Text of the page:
Sign near Umajalanta caveOne of the goals for visiting Torotoro was to visit the Umajalanta cave located a bit outside the village. We got up early in the morning and we got breakfast from Lilly. From there we went to the village administration to register and pay the entrance fee…it was only 20 bolivianos each (about 2.5 US $). We also got a hold of some cheap flashlights that we could bring along. I said that the cave is a bit outside town…well it is 8 km (about 5 miles) out of town and Olav’s knee was still sore after the biking incident in La Paz. This was a bit of a dilemma, but it turned out that a couple that we had talked to at Lily’s were going the same way in their 4X4 so we got a ride.

Walking into the Umajalanta caveThere was an administration house near the cave entrance and we got a young guy to guide us when we went into the cave. We didn’t get very far into the cave before we had to get down on our knees to get through. Olav and Svein decided that they would rather wait outside for us. Too bad for them! Tobbe, Ben Tore and myself continued and I’m really, really glad that we had a guide. Gard inside the Umajalanta cave in TorotoroFrom time to time we had to use a rope to get down steep, slippery edges and the flashlights that we had bought were absolute crap. When we came to the “bottom” of the cave we found a nice sand area and it felt just like beach sand. We turned off the lights and it was total darkness and all we could hear was the river that runs inside the cave. I thought we had reached the bottom but the guide indicated that we were going to continue. Gard and Tobbe inside the Umajalanta caveNow we had to get down and crawl in the sand and follow a narrow passage under the rocks. I’m not too fond of really narrow spaces, at least not after seeing movies like The Decent and The Cave. But luckily the narrow passages were only a few meters…and then we came into the cave where the river was running. But there were dangers here as well. At one place we had to lower ourselves from a ledge down to a board that was jammed into place…and it was several meters down. I think the tour of the cave took about 2 hours and I was pretty pleased when I saw daylight again.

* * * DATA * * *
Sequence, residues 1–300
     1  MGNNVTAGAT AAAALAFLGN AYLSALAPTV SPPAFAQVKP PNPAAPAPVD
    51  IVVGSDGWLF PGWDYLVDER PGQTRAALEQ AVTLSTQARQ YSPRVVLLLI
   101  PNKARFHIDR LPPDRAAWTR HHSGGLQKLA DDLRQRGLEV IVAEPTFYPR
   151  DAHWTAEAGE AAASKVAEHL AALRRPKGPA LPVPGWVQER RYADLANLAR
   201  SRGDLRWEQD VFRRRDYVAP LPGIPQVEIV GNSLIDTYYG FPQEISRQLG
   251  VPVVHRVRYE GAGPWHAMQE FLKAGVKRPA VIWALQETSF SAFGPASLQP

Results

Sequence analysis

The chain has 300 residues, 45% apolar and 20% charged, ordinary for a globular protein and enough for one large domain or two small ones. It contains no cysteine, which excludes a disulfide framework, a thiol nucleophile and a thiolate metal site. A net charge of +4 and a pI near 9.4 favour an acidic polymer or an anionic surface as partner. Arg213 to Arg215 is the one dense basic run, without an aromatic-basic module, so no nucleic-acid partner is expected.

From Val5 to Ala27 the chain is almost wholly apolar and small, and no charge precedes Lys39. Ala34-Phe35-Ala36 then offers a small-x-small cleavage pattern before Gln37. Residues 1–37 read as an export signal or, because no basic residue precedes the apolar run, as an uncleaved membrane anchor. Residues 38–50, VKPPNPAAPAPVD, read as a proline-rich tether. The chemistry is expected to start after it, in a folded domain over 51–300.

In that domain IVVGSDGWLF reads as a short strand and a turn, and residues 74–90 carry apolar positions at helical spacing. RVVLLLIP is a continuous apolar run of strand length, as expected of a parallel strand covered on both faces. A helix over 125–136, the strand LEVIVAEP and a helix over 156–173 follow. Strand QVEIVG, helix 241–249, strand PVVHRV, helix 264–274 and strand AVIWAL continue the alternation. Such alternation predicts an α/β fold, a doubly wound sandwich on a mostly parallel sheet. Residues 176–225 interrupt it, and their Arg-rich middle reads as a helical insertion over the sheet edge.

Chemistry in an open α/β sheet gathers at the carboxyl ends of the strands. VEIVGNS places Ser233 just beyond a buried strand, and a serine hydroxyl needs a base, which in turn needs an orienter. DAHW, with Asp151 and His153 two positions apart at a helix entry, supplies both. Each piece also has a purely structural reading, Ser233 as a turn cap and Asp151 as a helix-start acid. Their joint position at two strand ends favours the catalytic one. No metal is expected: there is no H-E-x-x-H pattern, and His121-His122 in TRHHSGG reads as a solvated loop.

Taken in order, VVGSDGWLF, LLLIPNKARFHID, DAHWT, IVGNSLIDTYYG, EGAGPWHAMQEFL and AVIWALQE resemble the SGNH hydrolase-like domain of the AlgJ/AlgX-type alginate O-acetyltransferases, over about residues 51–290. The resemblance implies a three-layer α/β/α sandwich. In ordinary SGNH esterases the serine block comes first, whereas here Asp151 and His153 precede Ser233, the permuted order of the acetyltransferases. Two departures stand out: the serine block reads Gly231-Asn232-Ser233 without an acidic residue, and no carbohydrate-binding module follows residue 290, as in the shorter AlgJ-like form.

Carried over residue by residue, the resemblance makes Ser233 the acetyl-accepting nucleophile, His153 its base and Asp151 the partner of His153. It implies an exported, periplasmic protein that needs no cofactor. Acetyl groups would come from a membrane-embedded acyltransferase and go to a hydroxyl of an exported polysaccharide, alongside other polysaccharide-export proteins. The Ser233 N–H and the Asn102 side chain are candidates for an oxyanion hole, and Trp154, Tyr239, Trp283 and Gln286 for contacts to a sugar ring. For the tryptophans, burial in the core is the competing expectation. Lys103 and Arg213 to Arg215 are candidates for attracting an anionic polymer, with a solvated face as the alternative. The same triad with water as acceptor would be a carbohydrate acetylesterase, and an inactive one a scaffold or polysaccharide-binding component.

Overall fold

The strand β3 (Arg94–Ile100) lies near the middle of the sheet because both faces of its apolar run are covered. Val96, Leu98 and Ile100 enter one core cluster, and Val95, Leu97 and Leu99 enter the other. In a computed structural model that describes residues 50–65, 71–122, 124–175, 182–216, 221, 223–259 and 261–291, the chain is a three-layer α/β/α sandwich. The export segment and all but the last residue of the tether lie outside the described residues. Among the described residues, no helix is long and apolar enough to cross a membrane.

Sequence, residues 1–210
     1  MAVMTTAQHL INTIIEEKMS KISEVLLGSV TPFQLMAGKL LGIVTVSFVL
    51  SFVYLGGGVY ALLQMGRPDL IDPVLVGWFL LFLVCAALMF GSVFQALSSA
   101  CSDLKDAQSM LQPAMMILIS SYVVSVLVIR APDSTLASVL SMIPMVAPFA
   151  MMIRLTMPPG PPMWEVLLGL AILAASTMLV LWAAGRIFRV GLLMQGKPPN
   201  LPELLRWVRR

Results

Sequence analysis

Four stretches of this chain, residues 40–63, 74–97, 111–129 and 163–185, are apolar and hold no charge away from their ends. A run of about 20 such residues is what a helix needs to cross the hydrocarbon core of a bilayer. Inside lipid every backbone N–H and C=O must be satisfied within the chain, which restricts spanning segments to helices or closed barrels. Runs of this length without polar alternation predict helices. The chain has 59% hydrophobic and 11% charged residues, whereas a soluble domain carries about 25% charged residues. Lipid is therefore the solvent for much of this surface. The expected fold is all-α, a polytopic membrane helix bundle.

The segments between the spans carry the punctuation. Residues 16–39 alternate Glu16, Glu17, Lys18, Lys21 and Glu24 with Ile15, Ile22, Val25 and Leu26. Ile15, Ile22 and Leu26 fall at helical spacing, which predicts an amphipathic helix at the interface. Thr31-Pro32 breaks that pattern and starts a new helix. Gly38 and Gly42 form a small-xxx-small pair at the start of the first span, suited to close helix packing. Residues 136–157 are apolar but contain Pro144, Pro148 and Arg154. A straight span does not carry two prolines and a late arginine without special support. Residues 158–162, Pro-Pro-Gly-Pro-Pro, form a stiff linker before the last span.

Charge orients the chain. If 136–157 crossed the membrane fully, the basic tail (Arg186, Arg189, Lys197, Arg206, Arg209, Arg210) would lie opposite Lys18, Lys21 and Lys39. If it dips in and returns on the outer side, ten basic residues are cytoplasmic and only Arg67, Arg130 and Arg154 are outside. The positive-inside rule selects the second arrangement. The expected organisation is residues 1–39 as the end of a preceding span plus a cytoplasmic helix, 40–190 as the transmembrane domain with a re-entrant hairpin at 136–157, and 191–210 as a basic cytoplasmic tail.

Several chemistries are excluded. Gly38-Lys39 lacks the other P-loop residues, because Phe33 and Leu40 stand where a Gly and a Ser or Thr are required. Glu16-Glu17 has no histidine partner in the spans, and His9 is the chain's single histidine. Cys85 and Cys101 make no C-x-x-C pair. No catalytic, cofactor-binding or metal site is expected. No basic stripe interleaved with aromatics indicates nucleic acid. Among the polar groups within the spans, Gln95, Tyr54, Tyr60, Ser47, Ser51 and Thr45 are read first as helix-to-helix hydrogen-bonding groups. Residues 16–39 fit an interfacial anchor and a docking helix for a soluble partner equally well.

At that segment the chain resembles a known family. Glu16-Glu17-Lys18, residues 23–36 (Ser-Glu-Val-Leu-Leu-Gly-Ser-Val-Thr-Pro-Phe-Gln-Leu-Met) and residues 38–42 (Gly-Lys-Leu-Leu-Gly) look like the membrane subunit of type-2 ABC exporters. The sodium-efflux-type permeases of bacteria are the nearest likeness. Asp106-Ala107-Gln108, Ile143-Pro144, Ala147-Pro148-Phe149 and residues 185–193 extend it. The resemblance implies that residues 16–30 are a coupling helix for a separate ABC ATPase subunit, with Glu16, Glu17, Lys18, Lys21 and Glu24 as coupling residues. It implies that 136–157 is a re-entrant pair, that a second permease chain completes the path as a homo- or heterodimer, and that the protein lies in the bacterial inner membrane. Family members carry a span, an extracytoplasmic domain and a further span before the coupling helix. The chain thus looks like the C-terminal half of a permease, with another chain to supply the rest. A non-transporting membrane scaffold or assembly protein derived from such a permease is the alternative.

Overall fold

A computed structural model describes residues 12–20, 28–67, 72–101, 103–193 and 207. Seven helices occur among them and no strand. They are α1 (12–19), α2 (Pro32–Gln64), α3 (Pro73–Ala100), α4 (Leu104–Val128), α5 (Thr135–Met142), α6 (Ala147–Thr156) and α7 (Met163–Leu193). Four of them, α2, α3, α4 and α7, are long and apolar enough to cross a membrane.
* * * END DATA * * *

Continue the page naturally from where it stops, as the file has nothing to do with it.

If you are planning to do this cave, here’s my advice:

  • Bring a good flashlight. The cheap, Chinese flashlights we bought in Torotoro were useless.
  • Bring a hard hat and a head lamp so that you can have both hands free and protect your head
  • Put on clothes that you are not afraid of…you will get dirty!